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valiant

[val-yuh nt] /ˈvæl yənt/
adjective
1.
boldly courageous; brave; stout-hearted:
a valiant soldier.
2.
marked by or showing bravery or valor; heroic:
to make a valiant effort.
3.
worthy; excellent.
Origin
1275-1325
1275-1325; Middle English valia(u)nt < Anglo-French; Middle French vaillant, present participle of valoir to be of worth < Latin valēre; see -ant
Related forms
valiantly, adverb
valiantness, noun
overvaliant, adjective
overvaliantly, adverb
overvaliantness, noun
unvaliant, adjective
unvaliantly, adverb
unvaliantness, noun
Synonyms
1. valorous, dauntless. See brave.
Dictionary.com Unabridged
Based on the Random House Dictionary, © Random House, Inc. 2014.
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Examples from the web for valiantly
  • He kept coming back valiantly when he seemed to be struggling in the second and third sets.
  • Over the past week or so, the two sides have jousted valiantly in an effort to win over you fickle punters.
  • Our participants, however, are valiantly attempting the seemingly impossible.
  • He valiantly fought multiple myeloma for more than five years.
  • The actress struggled valiantly to pull off the difficult task, audiences were not impressed, and the film was widely panned.
  • Volunteer and paid firefighters alike are often forgotten until tragedy strikes and they valiantly come to the rescue.
  • Rob tries valiantly to help an old radio comedy writer make a comeback.
British Dictionary definitions for valiantly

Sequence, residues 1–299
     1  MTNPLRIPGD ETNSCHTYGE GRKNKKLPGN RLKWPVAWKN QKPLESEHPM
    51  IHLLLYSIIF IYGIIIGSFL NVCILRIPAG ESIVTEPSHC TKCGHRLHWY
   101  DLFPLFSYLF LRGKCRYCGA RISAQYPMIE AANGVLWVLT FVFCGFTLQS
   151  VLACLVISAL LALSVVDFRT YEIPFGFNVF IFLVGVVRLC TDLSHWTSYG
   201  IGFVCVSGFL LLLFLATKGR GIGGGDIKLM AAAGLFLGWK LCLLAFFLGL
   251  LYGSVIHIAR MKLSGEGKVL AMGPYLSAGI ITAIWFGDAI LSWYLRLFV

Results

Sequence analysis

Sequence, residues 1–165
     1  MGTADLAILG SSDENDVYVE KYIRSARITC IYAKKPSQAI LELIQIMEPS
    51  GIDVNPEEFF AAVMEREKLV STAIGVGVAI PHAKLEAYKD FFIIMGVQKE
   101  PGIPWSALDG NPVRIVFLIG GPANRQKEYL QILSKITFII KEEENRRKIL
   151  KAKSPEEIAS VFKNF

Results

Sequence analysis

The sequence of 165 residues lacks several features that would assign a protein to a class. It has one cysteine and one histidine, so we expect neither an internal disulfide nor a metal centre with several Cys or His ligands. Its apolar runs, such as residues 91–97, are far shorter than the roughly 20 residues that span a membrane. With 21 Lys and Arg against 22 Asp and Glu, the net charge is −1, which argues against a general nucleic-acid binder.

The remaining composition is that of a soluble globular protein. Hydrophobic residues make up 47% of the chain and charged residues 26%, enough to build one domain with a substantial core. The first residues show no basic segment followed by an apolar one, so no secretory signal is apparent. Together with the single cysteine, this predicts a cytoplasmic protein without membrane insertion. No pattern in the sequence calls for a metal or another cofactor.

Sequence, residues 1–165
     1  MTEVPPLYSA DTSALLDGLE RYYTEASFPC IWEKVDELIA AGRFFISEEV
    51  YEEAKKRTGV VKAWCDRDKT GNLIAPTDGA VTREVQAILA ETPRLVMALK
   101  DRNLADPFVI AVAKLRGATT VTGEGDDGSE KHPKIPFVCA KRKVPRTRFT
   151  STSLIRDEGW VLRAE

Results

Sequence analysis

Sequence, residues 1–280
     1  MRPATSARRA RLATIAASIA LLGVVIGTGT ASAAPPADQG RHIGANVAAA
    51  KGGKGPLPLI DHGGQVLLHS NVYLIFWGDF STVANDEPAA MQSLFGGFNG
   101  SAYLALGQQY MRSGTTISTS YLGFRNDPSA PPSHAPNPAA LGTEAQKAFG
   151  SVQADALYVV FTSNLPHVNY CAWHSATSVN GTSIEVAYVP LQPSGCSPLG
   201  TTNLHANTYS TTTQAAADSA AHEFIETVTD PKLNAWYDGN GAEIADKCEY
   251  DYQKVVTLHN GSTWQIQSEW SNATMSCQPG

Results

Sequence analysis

valiant

/ˈvæljənt/
adjective
1.
courageous, intrepid, or stout-hearted; brave
2.
marked by bravery or courage: a valiant deed
Derived Forms
valiance, valiancy, noun
valiantly, adverb
Word Origin
C14: from Old French vaillant, from valoir to be of value, from Latin valēre to be strong
Collins English Dictionary - Complete & Unabridged 2012 Digital Edition
© William Collins Sons & Co. Ltd. 1979, 1986 © HarperCollins
Publishers 1998, 2000, 2003, 2005, 2006, 2007, 2009, 2012
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Word Origin and History for valiantly

valiant

adj.

early 14c. (late 12c. in surnames), from Anglo-French and Old French valliant "stalwart, brave," from present participle of valoir "be worthy," originally "be strong," from Latin valere "be strong, be well, be worth, have power, be able," from PIE root *wal- "be strong" (cf. Old English wealdan "to rule," Old High German -walt, -wald "power" (in personal names), Old Norse valdr "ruler," Old Church Slavonic vlasti "to rule over," Lithuanian valdyti "to have power," Celtic *walos- "ruler," Old Irish flaith "dominion," Welsh gallu "to be able"). Related: Valiantly.

Online Etymology Dictionary, © 2010 Douglas Harper
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